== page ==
How to make every detail count in a tiny urban backyard

Privacy on a small city lot is an all-too-elusive concept. But in a neighborhood of compact lots,a San Jose backyard ―which sits right up against two-story houses ― includes a pergola-sheltered hot tub for long, slow soaks behind a curtain of vines.

Landscape designer Cathy Drees managed to create a tranquil outdoor room thanks to a sophisticated color palette, a screen of greenery around the perimeter, and a few artfully chosen accents.

Drees's first step was to heighten the garden's sense of enclosure. Along the fence, she planted an evergreen screen of Tristaniopsis laurina 'Elegant' and Thuja occidentalis 'Emerald', both of which grow tall but not wide.

Then at one end of the backyard, she designed a cozy relaxation area with a hot tub and a vine-covered pergola; at the other end, she added a C-shaped bench with an arbor.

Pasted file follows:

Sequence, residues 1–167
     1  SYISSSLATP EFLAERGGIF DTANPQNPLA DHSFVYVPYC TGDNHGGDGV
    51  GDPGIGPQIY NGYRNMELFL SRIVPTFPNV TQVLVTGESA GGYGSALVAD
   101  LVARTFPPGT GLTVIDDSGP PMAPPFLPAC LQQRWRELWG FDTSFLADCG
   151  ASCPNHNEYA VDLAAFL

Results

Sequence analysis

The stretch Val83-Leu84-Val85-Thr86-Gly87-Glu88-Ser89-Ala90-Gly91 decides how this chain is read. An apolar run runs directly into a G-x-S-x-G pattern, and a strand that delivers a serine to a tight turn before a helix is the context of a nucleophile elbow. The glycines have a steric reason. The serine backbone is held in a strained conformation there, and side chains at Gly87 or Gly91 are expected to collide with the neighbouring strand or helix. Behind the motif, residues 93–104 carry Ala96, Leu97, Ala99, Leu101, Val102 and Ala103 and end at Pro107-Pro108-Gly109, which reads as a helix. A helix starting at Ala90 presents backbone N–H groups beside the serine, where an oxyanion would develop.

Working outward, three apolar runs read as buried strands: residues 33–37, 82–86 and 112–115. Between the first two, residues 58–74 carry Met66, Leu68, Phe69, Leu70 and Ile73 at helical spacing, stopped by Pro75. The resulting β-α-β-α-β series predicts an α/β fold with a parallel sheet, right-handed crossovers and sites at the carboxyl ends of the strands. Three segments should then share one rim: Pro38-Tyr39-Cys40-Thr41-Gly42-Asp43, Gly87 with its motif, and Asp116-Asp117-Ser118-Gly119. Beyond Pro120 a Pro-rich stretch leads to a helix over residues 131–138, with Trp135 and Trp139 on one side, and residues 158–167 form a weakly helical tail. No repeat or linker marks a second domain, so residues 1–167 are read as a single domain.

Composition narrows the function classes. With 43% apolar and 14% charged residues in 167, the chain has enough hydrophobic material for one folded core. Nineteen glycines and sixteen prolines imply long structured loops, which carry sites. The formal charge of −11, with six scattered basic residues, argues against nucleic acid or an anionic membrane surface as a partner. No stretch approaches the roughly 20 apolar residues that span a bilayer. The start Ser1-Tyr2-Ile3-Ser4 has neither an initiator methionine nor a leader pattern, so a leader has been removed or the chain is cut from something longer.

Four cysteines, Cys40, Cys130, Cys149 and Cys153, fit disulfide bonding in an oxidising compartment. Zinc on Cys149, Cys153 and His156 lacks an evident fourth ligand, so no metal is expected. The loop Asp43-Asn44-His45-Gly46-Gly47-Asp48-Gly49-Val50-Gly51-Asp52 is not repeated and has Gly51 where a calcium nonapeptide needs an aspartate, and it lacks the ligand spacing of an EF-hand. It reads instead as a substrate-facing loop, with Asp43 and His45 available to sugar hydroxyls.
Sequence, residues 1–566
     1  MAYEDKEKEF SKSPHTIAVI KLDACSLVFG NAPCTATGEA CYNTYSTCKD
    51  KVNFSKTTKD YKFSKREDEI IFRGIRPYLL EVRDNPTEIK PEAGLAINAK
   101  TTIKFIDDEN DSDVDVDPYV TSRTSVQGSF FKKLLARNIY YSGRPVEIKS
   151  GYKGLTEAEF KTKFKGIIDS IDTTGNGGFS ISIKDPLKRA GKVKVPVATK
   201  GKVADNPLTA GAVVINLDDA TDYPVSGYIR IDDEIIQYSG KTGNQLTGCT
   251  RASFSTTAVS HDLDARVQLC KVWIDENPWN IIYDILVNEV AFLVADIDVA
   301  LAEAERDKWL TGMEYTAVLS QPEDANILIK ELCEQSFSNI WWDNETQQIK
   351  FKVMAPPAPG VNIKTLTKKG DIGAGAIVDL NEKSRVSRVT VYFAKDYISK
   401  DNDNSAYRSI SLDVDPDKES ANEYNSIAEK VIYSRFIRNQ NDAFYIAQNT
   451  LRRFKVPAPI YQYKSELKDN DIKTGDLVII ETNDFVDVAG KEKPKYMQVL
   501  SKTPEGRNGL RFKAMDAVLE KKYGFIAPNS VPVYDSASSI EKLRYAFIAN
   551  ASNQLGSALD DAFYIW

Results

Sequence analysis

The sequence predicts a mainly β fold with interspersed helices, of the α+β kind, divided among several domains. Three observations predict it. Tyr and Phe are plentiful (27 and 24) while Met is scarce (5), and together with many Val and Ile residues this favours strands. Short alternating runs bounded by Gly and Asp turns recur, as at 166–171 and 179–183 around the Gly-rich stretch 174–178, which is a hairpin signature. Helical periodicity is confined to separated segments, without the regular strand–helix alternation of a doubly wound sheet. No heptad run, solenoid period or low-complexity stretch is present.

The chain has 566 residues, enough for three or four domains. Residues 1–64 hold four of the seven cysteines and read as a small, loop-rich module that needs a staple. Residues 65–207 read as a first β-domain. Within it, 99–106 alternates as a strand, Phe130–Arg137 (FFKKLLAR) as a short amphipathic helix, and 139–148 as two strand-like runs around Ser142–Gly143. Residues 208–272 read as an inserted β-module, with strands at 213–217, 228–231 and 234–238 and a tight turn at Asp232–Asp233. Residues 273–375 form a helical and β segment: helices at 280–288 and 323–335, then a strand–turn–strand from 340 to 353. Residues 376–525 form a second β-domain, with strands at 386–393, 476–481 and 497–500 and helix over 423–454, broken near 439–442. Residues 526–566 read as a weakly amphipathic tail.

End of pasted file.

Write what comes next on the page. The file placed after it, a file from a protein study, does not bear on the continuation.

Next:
To make the yard appear larger, she set the bench and pergola at angles to the house. A recirculating fountain in a rock-filled channel marks the transition between the two areas.

To further enhance the illusion of space, Drees layered the plantings ― short ones in front, taller ones behind. Evergreen foliage plants (including Carex oshimensis 'Evergold', dwarf mondo grass, loropetalum, nandina, pieris, and pittosporum 'Cream de Mint') keep the garden looking good year-round. 'Sango Kaku' and 'Bloodgood' Japanese maples add seasonal color, as do flowers from variegated bower vine ( Pandorea jasminoides 'Variegata'), though the vine's foliage is a highlight in every season.

Design: Cathy Drees, Accent Gardens, Los Gatos (408/356-2435)


Play with paving
Drees chose 18- by 18-inch tiles of Connecticut bluestone, which contain shades of cool blues and rust. To echo the pavers' warm tones, she edged the patio with a channel of apricot-hued cobbles.

Think vertically
To create privacy, the designer planted columnar trees around the garden's perimeter and trained vines to climb arbors and trellises. That leaves the center of the garden more open for outdoor living.

Keep the color scheme simple
A minimal plant palette that's primarily green with a few hits of color blurs the boundaries behind patio, pergola, and arbor, and provides a restful backdrop.